The National Water Distribution Committee has issued a request for measure scenarios to be formulated, with the aim of limiting saltwater intrusion via the locks at IJmuiden as a result of the drought in the Netherlands. These scenarios are currently being developed. One possible option is to introduce a special passage regime, whereby filling the locks when empty will be limited as far as possible.

Port Amsterdam: Possibility of special passage regime at sea lock due to drought

There is a drought in the Netherlands and thus a shortage of fresh water. In the Western Netherlands, this has led to falling water levels in the polders and salinisation issues in the polders and the main water system. There will be no meaningful rainfall in the next two weeks and the situation is expected to worsen.

The salt content in the Amsterdam-Rijn canal may become too high if the drought continues (and the inflow of fresh water is too low). This will also cause problems for drinking water. If this happens, usage of the locks will have to be restricted.

There are then three potential scenarios to limit saltwater intrusion.

Scenario 1:

Optimise the passage process:

  • limit empty-lock filling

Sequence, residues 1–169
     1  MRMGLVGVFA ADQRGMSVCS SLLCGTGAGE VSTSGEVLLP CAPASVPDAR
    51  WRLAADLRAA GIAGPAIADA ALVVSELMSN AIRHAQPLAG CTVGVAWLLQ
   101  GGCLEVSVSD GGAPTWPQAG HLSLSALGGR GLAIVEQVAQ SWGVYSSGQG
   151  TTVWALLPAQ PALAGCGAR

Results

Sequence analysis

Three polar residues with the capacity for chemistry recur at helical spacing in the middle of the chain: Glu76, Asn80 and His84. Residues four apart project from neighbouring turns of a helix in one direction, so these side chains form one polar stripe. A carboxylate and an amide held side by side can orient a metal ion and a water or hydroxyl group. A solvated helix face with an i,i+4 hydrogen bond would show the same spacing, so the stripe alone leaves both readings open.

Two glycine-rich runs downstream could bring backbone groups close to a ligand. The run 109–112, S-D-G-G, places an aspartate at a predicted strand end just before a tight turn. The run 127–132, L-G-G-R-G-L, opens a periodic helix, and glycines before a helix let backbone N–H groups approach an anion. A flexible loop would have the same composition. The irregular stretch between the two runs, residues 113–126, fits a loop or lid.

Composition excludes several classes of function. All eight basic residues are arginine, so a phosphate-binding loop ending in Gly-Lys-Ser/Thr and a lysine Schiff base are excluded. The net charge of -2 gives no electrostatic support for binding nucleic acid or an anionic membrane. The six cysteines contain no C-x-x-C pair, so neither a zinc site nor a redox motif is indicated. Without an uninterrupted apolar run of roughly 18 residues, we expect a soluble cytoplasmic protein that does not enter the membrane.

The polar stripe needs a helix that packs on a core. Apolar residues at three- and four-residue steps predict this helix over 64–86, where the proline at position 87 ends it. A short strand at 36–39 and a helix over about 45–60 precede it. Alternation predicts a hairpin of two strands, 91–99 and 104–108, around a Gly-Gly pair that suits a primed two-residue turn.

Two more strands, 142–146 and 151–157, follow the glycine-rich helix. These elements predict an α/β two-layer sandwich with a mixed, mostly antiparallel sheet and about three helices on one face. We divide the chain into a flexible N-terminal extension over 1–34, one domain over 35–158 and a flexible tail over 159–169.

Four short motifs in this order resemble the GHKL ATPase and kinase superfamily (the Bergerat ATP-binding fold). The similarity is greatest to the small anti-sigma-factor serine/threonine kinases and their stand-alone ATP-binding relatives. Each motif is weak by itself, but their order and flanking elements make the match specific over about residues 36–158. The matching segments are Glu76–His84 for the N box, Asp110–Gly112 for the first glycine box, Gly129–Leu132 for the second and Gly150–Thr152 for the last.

• ease the limitation at the Middensluis lock

Scenario 2:

Limit the number of passages with restriction around the time of high water (apart from deep-draught vessels or tugs)

Scenario 3:

Stoppage of Noordersluis and Middensluis locks

The coming period

If water shortages occur, the National Water Distribution Committee makes an allocation of the available national water across the sectors that depend on water, which include agriculture and horticulture, the shipping sector and environmental management. The Committee advises the Directorate-General for Public Works and Water Management. Port of Amsterdam is studying the various scenarios with the Directorate-General and will issue further information as soon as it becomes available. If the restriction scenario comes into operation, we will use our experiences with the shoaling of the Noordersluis lock in 2015 as a guide.

Source: Port Amsterdam